The United States Citizenship and Immigration Services (USCIS) has tightened rules regarding issue of non-immigrant work visas even as the Trump administration is seeking to expand ties with India and engage New Delhi in its fight against the scourge of terrorism.
The Trump administration has brought more restrictions on the issue and extension of non-immigrant visas such as H-1B and L1, popular among Indian IT professionals.
The new visa policy, which is in line with the Trump administration's goal to protect American workers from discrimination, seeks to put the burden of proof establishing eligibility for visas is on the applicant even when an extension of the visa is sought.
Under the previous policy, if a person was once found to be eligible for a work visa, they would usually be considered for extension of their visa. Now, during every extension, they need to prove to the federal authorities that they are still eligible.
The burden of proof in establishing eligibility is, at all times, on the petitioner, USCIS said even as the previous memorandum of 23 April 2004 appeared to place this burden on this federal agency. "This memorandum makes it clear that the burden of proof remains on the petitioner, even where an extension of non-immigrant status is sought," USCIS said in a memorandum issued on 23 October.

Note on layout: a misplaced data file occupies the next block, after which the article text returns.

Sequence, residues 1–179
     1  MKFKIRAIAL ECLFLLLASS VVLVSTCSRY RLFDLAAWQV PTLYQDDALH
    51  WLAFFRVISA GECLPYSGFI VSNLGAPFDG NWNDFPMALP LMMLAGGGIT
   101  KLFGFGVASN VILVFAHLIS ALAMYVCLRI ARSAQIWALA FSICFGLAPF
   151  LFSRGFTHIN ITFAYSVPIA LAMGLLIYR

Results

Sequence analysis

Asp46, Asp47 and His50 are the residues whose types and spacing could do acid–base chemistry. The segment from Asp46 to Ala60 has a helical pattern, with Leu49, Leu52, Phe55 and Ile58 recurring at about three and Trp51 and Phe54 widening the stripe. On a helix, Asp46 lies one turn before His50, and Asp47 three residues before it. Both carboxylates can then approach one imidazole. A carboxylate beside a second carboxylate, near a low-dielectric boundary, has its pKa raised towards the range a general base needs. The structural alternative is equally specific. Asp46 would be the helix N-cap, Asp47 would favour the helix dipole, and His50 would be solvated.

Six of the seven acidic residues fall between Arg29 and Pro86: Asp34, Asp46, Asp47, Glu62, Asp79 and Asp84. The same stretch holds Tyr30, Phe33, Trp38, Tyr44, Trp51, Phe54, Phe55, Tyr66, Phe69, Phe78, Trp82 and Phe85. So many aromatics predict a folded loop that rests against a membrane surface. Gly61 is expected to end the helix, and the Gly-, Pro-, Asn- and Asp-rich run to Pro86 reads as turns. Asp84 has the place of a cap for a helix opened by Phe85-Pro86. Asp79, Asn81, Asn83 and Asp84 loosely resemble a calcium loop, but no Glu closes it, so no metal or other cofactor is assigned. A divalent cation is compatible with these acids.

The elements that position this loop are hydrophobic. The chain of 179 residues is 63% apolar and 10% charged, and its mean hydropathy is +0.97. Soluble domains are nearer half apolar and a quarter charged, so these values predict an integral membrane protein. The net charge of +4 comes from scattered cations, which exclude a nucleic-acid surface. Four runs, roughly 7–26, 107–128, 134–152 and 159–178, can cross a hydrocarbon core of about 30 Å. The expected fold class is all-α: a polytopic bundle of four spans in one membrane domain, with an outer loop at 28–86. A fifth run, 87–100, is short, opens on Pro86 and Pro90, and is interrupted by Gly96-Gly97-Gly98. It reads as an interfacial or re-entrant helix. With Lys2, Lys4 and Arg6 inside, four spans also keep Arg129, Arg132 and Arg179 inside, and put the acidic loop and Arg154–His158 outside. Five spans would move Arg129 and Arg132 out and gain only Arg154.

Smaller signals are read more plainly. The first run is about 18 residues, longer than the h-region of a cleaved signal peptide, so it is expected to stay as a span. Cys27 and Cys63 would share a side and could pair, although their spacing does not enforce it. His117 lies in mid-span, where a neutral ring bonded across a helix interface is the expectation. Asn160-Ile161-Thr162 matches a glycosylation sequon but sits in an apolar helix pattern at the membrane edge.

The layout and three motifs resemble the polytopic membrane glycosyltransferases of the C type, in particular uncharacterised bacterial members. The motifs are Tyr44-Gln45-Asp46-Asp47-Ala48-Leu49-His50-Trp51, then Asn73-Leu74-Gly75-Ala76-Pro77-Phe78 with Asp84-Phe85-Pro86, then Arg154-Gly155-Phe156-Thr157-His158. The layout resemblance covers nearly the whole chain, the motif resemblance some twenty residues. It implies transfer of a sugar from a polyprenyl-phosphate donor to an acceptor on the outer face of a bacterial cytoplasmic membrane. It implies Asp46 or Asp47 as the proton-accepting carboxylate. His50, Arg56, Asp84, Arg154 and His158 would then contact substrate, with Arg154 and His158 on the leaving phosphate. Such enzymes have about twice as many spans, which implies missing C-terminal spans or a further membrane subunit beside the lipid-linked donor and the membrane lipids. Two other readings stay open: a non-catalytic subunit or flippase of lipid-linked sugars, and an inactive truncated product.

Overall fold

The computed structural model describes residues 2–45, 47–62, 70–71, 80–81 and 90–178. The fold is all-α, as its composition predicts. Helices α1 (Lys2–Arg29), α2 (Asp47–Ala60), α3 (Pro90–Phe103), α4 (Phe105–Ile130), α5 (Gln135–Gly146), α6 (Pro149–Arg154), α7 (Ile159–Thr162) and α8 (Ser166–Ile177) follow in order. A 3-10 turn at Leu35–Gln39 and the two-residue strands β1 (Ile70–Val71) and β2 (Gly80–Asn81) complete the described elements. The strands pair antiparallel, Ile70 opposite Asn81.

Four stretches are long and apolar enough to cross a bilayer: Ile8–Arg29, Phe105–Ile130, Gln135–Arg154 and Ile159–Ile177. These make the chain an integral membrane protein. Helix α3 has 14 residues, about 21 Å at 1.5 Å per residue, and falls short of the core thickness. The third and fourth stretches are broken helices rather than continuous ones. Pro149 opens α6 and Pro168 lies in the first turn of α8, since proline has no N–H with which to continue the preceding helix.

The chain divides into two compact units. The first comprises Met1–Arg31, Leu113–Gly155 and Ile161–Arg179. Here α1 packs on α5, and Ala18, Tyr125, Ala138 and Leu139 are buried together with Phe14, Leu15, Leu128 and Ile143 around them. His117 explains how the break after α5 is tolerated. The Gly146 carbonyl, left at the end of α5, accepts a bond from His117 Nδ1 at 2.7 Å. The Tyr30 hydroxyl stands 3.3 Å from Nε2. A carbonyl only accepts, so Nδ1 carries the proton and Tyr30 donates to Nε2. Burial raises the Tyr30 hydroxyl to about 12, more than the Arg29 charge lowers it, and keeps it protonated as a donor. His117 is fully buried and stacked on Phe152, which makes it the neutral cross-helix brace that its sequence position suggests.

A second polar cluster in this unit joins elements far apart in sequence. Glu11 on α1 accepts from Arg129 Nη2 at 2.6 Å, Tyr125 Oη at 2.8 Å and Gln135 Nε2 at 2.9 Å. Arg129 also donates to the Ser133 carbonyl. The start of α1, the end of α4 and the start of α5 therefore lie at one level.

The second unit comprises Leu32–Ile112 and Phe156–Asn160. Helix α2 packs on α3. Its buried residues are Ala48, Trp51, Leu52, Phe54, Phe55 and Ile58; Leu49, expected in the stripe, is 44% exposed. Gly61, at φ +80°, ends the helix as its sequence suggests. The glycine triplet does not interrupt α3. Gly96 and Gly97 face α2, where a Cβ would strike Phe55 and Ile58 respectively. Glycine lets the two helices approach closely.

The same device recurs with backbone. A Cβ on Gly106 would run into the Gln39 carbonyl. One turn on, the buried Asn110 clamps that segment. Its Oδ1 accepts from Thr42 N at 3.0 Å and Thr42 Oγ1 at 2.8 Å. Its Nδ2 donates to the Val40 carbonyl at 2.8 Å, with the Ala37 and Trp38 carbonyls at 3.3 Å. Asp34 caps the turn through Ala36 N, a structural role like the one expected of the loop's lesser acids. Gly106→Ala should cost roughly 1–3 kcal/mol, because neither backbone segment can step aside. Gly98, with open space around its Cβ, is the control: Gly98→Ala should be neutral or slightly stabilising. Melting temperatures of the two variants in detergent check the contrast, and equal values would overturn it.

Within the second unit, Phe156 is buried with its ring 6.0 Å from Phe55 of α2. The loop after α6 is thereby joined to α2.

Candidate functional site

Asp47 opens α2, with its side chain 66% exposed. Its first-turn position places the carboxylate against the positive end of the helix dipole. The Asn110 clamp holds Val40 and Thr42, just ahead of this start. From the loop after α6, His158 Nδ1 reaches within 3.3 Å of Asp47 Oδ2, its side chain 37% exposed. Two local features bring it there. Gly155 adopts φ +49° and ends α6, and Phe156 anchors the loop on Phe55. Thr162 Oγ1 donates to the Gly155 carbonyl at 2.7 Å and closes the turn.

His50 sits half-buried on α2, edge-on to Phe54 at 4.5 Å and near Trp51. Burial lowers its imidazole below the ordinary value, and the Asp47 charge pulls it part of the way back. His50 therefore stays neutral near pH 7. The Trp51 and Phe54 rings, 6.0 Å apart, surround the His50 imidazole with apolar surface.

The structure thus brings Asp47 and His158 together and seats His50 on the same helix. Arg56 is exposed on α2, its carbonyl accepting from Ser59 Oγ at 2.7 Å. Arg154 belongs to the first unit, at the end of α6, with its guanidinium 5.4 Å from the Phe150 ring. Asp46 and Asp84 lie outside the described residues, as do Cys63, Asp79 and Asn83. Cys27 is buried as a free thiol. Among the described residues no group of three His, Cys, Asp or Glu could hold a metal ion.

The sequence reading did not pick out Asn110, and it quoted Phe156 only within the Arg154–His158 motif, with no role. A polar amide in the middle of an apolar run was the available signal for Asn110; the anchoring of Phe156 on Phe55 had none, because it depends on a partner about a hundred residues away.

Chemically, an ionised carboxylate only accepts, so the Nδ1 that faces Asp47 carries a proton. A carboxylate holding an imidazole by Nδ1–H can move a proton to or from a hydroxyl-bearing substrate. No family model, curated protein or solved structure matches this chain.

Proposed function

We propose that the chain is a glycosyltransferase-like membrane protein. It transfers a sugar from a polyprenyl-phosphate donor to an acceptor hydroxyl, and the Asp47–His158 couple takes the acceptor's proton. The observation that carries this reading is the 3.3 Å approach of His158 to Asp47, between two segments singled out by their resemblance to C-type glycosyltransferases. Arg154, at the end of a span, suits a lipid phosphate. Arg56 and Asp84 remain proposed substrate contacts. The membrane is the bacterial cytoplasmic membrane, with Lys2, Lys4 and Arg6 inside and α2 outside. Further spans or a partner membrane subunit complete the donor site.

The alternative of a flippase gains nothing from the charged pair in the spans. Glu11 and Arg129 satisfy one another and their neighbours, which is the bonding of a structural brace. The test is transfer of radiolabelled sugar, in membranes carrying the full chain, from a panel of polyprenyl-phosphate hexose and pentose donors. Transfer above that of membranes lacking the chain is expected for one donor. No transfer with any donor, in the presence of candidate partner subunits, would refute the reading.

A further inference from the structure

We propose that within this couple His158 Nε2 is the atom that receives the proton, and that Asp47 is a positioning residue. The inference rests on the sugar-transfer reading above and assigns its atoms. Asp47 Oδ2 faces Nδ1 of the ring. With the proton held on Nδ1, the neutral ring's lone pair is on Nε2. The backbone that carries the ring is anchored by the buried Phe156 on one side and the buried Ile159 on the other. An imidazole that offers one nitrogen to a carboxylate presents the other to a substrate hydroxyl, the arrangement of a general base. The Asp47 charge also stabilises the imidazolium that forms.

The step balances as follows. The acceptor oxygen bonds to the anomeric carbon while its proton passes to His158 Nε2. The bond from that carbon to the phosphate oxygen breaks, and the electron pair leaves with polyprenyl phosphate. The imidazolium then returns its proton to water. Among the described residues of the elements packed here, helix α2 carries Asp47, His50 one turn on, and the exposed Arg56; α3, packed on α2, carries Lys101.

External affairs minister Sushma Swaraj said she had raised the issue of H-1B visas with visiting US secretary of state Rex Tillerson and had asked the US to do nothing that would adversely affect India's interests. Swraj told Tillerson that people-to-people contacts had played a critical role in the development of India-US relations.
"This is most evident in our mutually beneficial digital partnership, driven by our skilled professionals. In this regard, we have also discussed the very significant contribution to the US economy of Indian skilled professionals who travel and work under the H1-B and L-1 visa programmes," said Swaraj.
Swaraj said while there had been no change made yet to the H1-B rules, Indian professionals would be impacted if the US Congress passed a private member's bill in this regard. "H1-B rules can be changed either by an executive order (issued by the US President) or by the US Congress, and we are talking to both sides," she added.
American Immigration Lawyers Association president William Stock said the change was being made retroactively and would affect people already living in the country and not just new visa applicants.
"In adjudicating petitions for immigration benefits, including non-immigrant petition extensions, adjudicators must, in all cases, thoroughly review the petition and supporting evidence to determine eligibility for the benefit sought. The burden of proof in establishing eligibility is, at all times, on the petitioner," USCIS said.